Twitter data can be collected and analysed to be used for predicting the status of a transport network at a given time and geographic location (e.g. forecasting disruptions, congestions, or road closures). However, this requires geolocating the tweets to define the parts of the transport network which may be related to these tweets. This paper investigates the relationship between the actual transport network status, with that being synthesised using public Twitter data in the Greater Manchester conurbation. Therefore, it answers the following question: are the sentiments of tweets around the incidents and accidents areas (or bounding boxes) different from the sentiments of tweets in the seamless traffic areas?. According to the used research methodology, analysis techniques, and sentiment detection APIs, it has been concluded that there is no significant difference between the sentiments in the tweets regardless the prevailing traffic conditions of the locations the tweets refer to.
    • Robust fragment-based framework for cross-lingual sentence retrieval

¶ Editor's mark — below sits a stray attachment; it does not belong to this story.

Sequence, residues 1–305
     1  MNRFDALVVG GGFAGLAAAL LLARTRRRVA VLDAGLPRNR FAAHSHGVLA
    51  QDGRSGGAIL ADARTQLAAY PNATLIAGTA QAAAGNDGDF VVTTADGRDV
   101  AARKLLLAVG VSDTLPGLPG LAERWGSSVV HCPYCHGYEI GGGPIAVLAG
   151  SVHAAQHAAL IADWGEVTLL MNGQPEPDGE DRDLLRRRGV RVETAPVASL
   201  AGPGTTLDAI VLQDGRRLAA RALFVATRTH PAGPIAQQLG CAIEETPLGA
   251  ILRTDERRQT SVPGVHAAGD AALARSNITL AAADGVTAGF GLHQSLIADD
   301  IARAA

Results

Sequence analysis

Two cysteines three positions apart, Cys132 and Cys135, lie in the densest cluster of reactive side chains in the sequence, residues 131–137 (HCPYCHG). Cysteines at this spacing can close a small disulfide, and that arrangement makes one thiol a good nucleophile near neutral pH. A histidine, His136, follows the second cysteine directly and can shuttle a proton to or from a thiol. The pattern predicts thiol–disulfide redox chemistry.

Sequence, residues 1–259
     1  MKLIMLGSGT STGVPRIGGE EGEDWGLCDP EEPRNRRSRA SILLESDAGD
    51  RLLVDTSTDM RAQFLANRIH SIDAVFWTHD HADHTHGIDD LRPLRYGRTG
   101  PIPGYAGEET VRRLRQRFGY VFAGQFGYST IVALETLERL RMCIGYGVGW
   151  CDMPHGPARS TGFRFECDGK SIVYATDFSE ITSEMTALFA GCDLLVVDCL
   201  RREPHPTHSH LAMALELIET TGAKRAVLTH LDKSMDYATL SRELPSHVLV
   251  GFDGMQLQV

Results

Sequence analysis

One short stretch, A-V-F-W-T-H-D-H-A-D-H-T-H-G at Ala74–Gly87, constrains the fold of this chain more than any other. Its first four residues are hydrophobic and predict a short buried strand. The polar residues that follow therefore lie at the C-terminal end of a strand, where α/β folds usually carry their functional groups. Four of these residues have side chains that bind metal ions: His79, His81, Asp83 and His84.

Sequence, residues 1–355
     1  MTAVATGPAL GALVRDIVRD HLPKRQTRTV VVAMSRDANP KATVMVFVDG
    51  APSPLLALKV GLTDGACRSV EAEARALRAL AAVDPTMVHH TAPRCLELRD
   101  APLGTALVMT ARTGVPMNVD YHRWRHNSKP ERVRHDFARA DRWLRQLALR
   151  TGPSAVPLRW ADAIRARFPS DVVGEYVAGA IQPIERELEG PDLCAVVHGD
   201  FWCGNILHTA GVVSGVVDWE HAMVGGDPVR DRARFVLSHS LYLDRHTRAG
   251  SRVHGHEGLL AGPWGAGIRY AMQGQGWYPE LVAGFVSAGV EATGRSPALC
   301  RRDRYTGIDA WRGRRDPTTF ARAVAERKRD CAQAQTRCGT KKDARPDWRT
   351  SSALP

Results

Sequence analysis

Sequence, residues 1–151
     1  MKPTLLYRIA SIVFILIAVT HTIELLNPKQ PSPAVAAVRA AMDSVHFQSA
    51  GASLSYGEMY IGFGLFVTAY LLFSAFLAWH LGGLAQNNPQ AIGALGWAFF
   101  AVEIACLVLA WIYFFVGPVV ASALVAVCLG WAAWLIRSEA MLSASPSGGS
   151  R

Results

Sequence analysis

Trijakwanich, Nattapol; Limkonchotiwat, Peerat; Sarwar, Raheem; Phatthiyaphaibun, Wannaphong; Chuangsuwanich, Ekapol; Nutanong, Sarana (Association for Computational Linguistics, 2021-12-31)
      Cross-lingual Sentence Retrieval (CLSR) aims at retrieving parallel sentence pairs that are translations of each other from a multilingual set of comparable documents. The retrieved parallel sentence pairs can be used in other downstream NLP tasks such as machine translation and cross-lingual word sense disambiguation. We propose a CLSR framework called Robust Fragment-level Representation (RFR) CLSR framework to address Out-of- Domain (OOD) CLSR problems. In particular, we improve the sentence retrieval robustness by representing each sentence as a collection of fragments. In this way, we change the retrieval granularity from the sentence to the fragment level. We performed CLSR experiments based on three OOD datasets, four language pairs, and three base well-known sentence encoders: m-USE, LASER, and LaBSE. Experimental results show that RFR significantly improves the base encoders’ performance for more than 85% of the cases.
    • Linguistic features evaluation for hadith authenticity through automatic machine learning

      Mohamed, Emad; Sarwar, Raheem (Oxford University Press, 2021-12-31)